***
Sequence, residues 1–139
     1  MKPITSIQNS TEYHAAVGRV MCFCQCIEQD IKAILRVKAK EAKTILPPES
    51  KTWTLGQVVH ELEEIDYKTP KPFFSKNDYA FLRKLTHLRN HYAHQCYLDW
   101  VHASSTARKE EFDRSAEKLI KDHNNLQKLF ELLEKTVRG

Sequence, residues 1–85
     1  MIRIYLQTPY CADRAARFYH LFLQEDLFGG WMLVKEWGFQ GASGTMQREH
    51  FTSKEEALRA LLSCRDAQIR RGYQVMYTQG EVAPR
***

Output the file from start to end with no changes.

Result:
Sequence, residues 1–139
     1  MKPITSIQNS TEYHAAVGRV MCFCQCIEQD IKAILRVKAK EAKTILPPES
    51  KTWTLGQVVH ELEEIDYKTP KPFFSKNDYA FLRKLTHLRN HYAHQCYLDW
   101  VHASSTARKE EFDRSAEKLI KDHNNLQKLF ELLEKTVRG

Sequence, residues 1–85
     1  MIRIYLQTPY CADRAARFYH LFLQEDLFGG WMLVKEWGFQ GASGTMQREH
    51  FTSKEEALRA LLSCRDAQIR RGYQVMYTQG EVAPR